My forthcoming memoir, One Legged-Mongoose: Secrets, Legacies and Coming of Age in 1950s New York, is narrated by my 10-year-old self in the 1950s when I was between the ages of 10 and 12. My dad was an immigrant who escaped abject poverty in Ukraine at the age of 15. He went to work 16 hours a day, for one dollar an hour, six days a week on Delancey Street on the Lower East Side. He later worked in a textile store on Grand Street before opening his own business.
The Child Of Immigrants
I started working Sundays in my dad’s store when I was five and continued until I graduated from medical school. There were as many as 400 textile businesses owned by Jewish immigrants on the Lower East Side. You could walk down Grand Street for at least two blocks in both directions and see nothing but textile stores.
In my book, I write about my time in the store, my uncles who worked there, and various customers. I chronicle the story of Cottonland — a retail store much like Bed, Bath & Beyond — that my father opened on Long Island in 1953. But Dad was a decade too soon.
The Lower East Side was where Ashkenazi Jews from Eastern Europe often landed. Syrian Jews were further west on Broadway and later 5th Avenue; they often went into manufacturing handkerchiefs and tablecloths. They also lived in Flatbush, Brooklyn, and Deal, New Jersey. Italians lived in Bensonhurst, Brooklyn, while the Irish had enclaves in Brooklyn, Manhattan, and Queens. Today, the Lower East Side has enormous numbers of Chinese immigrants.
This comes to mind today because I’m thinking about where the refugees from Afghanistan will go. How many will come to the U.S., and where will they settle? I’m not aware of a specific Afghan neighborhood in New York City yet, but I expect it exists, and perhaps it’s about to grow.
Since the founding of the country, one of the most vociferous debates has been about immigration. Who do we let in, and why? Millions of illegal immigrants are already here, most entrenched in the work system, and millions more are trying to come, most recently from Central America via Mexico.
You’ll find some people who want almost everyone admitted, while others want to keep everyone out. There are lots of people in the middle ground, and it’s been difficult to find consensus. The reality is that immigrants here legally (like my dad) or illegally (estimated at about 12 million now) are both likely to stay here for good.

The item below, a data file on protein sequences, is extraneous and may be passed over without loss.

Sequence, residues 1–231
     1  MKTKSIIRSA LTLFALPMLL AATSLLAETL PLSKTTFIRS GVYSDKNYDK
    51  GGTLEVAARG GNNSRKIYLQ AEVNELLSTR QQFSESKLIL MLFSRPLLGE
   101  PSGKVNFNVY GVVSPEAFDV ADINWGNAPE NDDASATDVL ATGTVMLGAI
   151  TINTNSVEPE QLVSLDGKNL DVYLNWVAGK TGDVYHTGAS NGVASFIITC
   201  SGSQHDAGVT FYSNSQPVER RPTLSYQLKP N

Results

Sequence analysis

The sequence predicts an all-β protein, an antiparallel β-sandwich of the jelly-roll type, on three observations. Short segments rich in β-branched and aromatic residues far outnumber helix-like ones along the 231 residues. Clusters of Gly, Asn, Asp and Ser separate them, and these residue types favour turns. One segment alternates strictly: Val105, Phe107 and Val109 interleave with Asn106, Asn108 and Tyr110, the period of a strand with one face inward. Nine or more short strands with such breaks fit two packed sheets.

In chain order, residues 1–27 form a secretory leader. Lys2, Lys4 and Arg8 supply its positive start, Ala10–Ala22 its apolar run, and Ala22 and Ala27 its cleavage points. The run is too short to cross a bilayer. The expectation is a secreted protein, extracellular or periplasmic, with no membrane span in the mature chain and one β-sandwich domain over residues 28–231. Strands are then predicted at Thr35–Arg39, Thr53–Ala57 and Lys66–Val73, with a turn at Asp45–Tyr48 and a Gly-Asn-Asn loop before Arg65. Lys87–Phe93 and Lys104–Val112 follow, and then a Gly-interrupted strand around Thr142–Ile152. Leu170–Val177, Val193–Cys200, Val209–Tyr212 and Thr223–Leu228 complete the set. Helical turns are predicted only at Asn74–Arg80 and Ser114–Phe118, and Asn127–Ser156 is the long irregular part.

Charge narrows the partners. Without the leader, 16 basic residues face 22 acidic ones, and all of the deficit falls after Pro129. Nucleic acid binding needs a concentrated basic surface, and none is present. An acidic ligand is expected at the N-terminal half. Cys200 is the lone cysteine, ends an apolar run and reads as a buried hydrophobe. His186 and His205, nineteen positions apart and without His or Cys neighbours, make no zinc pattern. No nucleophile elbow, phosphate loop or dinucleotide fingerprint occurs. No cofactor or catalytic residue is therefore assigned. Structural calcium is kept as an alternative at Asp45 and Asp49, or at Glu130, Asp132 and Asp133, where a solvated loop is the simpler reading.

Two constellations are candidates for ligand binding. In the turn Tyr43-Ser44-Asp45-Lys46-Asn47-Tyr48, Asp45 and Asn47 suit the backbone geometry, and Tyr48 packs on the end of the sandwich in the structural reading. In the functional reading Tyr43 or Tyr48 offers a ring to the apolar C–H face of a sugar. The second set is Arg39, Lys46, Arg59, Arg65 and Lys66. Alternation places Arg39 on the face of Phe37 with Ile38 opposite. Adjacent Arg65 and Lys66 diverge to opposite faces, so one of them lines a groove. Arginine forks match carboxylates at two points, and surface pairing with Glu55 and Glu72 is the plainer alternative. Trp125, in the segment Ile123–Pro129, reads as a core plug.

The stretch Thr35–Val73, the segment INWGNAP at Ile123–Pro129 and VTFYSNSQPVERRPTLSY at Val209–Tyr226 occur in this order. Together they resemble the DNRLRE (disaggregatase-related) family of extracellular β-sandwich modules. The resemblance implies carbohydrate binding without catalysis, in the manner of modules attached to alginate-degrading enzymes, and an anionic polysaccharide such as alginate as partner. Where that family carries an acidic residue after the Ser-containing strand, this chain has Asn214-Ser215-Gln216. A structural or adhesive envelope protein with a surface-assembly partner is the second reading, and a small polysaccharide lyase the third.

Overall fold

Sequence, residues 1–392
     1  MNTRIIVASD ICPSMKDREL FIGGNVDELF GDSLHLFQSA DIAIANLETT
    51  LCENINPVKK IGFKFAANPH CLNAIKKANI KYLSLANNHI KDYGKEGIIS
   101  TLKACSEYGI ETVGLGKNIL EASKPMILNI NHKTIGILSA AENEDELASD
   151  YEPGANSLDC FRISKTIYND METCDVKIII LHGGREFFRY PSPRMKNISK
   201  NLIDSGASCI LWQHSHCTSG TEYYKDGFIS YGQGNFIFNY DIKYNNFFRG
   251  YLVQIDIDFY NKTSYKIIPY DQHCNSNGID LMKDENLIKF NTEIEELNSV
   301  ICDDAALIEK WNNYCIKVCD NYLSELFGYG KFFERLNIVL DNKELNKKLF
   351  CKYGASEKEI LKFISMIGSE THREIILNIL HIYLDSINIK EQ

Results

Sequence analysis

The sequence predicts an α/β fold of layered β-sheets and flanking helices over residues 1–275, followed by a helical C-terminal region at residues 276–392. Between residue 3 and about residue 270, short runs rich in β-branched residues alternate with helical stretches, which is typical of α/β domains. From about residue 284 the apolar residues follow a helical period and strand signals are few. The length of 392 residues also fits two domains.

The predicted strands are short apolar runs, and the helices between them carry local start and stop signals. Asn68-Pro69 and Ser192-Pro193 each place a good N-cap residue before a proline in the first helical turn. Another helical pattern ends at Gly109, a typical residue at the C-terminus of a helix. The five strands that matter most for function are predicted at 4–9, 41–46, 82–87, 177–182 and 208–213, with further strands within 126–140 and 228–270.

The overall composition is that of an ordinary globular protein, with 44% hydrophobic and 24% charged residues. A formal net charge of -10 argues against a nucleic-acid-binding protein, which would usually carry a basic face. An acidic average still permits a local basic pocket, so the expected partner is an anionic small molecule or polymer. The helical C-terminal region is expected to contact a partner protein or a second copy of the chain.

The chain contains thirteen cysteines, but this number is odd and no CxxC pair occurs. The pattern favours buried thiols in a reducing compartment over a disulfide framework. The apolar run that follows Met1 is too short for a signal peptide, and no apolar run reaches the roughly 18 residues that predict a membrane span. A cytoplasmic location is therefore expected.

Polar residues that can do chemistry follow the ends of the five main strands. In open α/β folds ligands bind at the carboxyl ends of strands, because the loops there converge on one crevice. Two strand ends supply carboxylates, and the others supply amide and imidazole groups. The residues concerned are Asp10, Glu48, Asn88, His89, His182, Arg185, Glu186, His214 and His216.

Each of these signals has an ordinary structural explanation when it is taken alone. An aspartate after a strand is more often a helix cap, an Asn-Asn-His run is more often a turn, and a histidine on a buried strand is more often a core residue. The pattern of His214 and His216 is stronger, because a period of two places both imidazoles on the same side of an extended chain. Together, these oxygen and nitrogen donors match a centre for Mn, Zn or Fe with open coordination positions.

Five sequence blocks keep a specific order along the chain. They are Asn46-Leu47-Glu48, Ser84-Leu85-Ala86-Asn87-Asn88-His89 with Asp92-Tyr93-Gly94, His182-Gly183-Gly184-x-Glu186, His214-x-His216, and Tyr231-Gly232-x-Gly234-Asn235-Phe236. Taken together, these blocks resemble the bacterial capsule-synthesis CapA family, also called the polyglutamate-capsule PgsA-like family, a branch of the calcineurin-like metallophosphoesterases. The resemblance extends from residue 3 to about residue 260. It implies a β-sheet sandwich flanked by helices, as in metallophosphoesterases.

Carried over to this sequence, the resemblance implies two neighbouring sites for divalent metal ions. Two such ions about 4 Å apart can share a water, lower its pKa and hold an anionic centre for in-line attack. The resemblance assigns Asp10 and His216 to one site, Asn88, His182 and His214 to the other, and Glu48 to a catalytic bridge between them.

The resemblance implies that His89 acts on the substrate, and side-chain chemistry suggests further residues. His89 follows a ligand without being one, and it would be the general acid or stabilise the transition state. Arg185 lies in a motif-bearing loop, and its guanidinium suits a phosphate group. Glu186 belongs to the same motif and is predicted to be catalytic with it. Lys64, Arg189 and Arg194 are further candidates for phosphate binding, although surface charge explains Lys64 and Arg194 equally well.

In One-Legged Mongoose, the boy who narrates this story never thought of himself as an immigrant child. He admired his dad for the courage and hard work it took to come here under such adverse circumstances and make it. But he always felt American. My grandchildren hardly know or fully understand the desperate situation my dad escaped. They are so American: the oldest is at Harvard; the next Brown. Isn’t that the American story?
When Is An Immigrant No Longer An Immigrant?
What do we think of first-generation kids, as I was? Are they part-way to being American?
About three years ago there was a protest on the Lower East Side by young Chinese activists. Their issue was that the area was undergoing considerable gentrification (almost the last place in the city to do so). They were protesting that this is Chinatown, and many Chinese are losing their cheaper rent apartments.
I was sympathetic, yet also reminded by a few people who came into my gallery that the Lower East Side has always been a stopping place for immigrants — the Chinese are the most recent. My building from the 19th century until the 1960s had housed predominantly Jewish businesses, as did apartments on the street. We moved on. That’s what happens. That’s America.
Every immigrant group bought buildings when they could. Now, many purchasers are Chinese.
Every immigrant group has historically faced prejudice. There was significant antisemitism here after WWII. Our store was not legally allowed to be open on Sundays (thanks to Blue Laws) though it was our busiest day. (Payoffs to cops kept them looking the other way.)
There is no greater melting pot than the Lower East Side. I love to hear all the languages spoken on Grand Street. I love when children of immigrants know the language of their parents. My grandparents spoke Yiddish, which I pretty much came to understand. My dad spoke Polish, which he would never have wanted his kids to learn given his boyhood circumstances.
My dad was defined by what he did, but also by his dignity and sense of justice, by his smarts and hard work. His focus was on having his kids get a great education. These were important lessons for that young narrator in my book.
They are the same lessons the immigrants are teaching their kids today, in neighborhoods all over the city and country. Only the country of origin changes with every generation.
Marc Straus, M.D., is an oncologist and former Chairman of Oncology and Professor of Medicine. He’s also an art collector, gallery owner, author, and poet. He has authored some 100 scientific papers and edited three textbooks on lung cancer in addition to three collections of poetry.
The MARC STRAUS gallery represents 24 artists from 16 different countries. Originally focused on emerging artists not previously exhibited in New York, it is now mixed with a few mid-career and late-career artists from the U.S., Asia, and Europe. See marcstraus.com for more info.
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